Double dates don’t get much more awkward than this one. Lucy (Katherine Thomas) just wants to stay home and watch Gogglebox – but her best friend Gus (Calum Robshaw) and his recently back-on-again girlfriend Rachael (Natasha Grace Hutt) have other ideas. They’ve just announced they’ve set her up with the man bun-sporting Caps (Jack Forsyth Noble), for some unfathomable reason; the two of them are clearly a match made in hell from the moment they set eyes on each other. It doesn’t help that Caps has got his eye on Rachael, and soon he’s trying to drag Lucy into his dastardly plan to steal her from Gus. Worse: she’s actually thinking about it, for reasons that both confuse and annoy her.
Katherine Thomas makes her professional writing debut with Never Trust a Man Bun, which transfers to Stockwell Playhouse following a short run at Theatre N16. Under Scott Le Crass’ direction, the jokes fly thick and fast through the course of one disastrous evening – most of them at the expense of one or other of the characters. As in any good sitcom, each has their “thing”: Rachael is irritating and almost unbelievably stupid (“the plural of ‘mice’ is ‘mice’!” she declares proudly at one point), Gus is a total pushover, Caps is obnoxious, manipulative and not ashamed to use his autistic sister to get sympathy, and Lucy’s default setting against everyone – even people she likes – appears to be defensive sarcasm and general nastiness. It’s no surprise the evening doesn’t end well; what’s significantly more surprising is that we don’t end up hating everyone on stage.
The jokes are well-placed and delivered with excellent comic timing by the cast of four, though a couple of the gags go on for a bit longer than feels strictly necessary. At times, too, realism takes a hit at the expense of humour (it’s hard to believe anyone could seriously be that proud of putting pretzels and crisps together) but what does ring true is the complicated tangle of emotions being experienced by these confused 20-somethings. It’s not all about their romantic disasters, as entertaining as they may be; there’s also career anxiety, money worries, and the not altogether welcome realisation that they’re no longer the same people they were ten years ago. It’s a play about growing up and finding your place in the world – and perhaps coming to terms with the fact that it isn’t where you thought it would be. That’s a panic I think most of us can relate to, at least to some extent, and it’s in the brief moments where the play stops looking for laughs and gets serious that it’s at its strongest.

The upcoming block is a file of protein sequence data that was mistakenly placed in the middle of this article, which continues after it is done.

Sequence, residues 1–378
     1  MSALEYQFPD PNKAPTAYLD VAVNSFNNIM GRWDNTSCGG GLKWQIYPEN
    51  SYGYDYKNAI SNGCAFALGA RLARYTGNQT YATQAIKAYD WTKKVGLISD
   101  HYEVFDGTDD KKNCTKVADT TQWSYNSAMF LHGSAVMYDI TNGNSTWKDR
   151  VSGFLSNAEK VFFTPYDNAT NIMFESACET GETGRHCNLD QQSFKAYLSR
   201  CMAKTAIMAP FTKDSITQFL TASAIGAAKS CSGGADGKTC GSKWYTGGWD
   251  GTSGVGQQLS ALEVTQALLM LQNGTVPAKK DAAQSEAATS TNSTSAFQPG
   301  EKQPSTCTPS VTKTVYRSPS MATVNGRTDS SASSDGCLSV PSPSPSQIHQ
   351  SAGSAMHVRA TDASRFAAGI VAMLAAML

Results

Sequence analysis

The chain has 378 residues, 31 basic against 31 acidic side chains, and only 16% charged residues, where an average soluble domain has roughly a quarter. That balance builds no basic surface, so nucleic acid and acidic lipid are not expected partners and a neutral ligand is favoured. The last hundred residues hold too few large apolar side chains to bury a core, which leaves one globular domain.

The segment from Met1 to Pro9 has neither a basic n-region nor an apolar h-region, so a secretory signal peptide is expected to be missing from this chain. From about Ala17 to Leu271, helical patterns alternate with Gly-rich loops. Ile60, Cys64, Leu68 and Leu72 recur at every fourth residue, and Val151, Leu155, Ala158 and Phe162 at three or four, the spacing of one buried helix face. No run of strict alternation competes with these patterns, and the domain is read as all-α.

Never Trust a Man Bun is a promising and well performed debut, peppered with some great one-liners and laugh out loud moments. It doesn’t quite feel like the finished article yet, but with a bit of polishing and strategic pruning, there’s potential for a play that offers up real insight as well as laughs.